Refugees walking along railway lines on the Serbia-Hungary border. Rudaw photo
Despite decades of hard struggle to achieve some autonomy, Iranian Kurds have only gained a few short-lived victories between 1946 and 1979. The Kurdish opposition is divided. The religious—who are growing in number these days—dismiss democratic and socialist parties. The Leftists think nationalism is backwardness, and nationalist groups argue that the Kurdish struggle is bigger than class struggle.
But these parties have one powerful enemy in common: the Islamic Republic, which equally persecutes them all. In August, shortly after signing a nuclear deal with the West Iran hanged Behruz Alkhani, a 30-year-old Kurd, while he was waiting for the outcome of an appeal. Six other Kurds were also killed in May in Rajaei Prison: Hamed Ahmadi, Kamal Mollaei, Hadi Husseini, Sedigh Mohamadi, Jamshid Dehghani and Jahangir Dehghani. The list goes on.
No wonder there are many members of Kurdish opposition parties among the flood of migrants and refugees making the perilous journeys to Europe. They are running for their lives. But they are not the only ones braving the dangerous seas to reach freedom.
Scientists, activists, writers, and artists find it increasingly difficult to live in Iran. Kurdish journalists Mohammad Sediq Kaboudvand and Adnan Hassanpour are in prison. Two brothers from Kermanshah, Arash and Kamyar Alaei who worked on treating HIV/AIDS, were charged with “plotting a velvety revolution to overthrow the Iranian government” and were imprisoned for three years. Women’s rights activists are constantly watched and harassed. The fate of such individuals terrifies other intellectuals into apathy or compromise.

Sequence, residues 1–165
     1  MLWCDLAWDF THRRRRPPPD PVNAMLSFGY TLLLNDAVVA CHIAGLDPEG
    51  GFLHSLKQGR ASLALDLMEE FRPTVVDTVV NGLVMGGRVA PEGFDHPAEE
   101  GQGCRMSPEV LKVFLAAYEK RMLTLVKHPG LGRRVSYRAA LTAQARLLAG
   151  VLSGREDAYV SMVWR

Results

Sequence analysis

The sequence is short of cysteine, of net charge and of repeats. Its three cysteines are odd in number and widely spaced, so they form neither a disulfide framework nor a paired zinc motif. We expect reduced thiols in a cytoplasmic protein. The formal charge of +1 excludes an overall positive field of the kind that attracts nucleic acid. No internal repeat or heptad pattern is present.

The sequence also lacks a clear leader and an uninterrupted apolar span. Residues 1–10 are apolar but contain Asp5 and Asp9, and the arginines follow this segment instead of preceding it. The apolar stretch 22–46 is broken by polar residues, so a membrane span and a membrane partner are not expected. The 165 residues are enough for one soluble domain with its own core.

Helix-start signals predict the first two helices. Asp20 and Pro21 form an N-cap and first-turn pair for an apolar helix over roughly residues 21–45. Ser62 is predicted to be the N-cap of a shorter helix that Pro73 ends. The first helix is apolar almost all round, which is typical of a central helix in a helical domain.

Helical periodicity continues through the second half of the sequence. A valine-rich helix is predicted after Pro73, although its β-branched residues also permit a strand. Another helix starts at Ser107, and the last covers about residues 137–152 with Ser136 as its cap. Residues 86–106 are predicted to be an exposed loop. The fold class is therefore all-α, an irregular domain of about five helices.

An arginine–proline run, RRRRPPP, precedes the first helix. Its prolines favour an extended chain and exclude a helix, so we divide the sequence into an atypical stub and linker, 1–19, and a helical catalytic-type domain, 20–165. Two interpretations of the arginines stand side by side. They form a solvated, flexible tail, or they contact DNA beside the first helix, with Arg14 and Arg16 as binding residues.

Despite a proud history of prominent women leaders and activists among Kurds the Islamic Republic’s misogynistic laws have affected the Kurdish regions, too. Villages in Kermanshah province have strikingly high rates of self-immolation. Most uneducated and powerless women find no means to decide their lives other than through self-immolation.
Even educated urban women find themselves at a dead end. Women in Iran make up about 10 percent of the work force and are not protected against constant sexual harassment. Often exploited and mistreated in their secretarial positions, university graduates end up quitting their jobs.
Nowadays even the most politically detached Kurds are fleeing Iran. Their main motivation is the crippling economy. The Kurdish areas of Iran are impoverished and underdeveloped. The average 14.10 percent inflation, as reported by Trading Economics, hits the Kurds harder than other Iranian cities such as Mashhad and Isfahan. Prices rise unpredictably. People get into fights over cab fees and vegetable prices which increase at a whim. These daily arguments exhaust the people and add to the overall uncertainty that has gripped the country.
In addition to feeling trapped in a deteriorating financial, educational, cultural, and healthcare system, the Kurds are also under the lash of the Islamic police on the street and public parks who punish non-Islamic behaviour which include music, dance, mix-gender parties or the innocent stroll of a young couple.
The ethnicity and religious faith of most Iranian Kurds is by default a crime. Political, social, or cultural activity is punishable by imprisonment or execution. Even those who accept the oppression and want to make a living and raise a family find it impossible to stay and live a life remotely normal or happy.
The article was originally publisher in Rudaw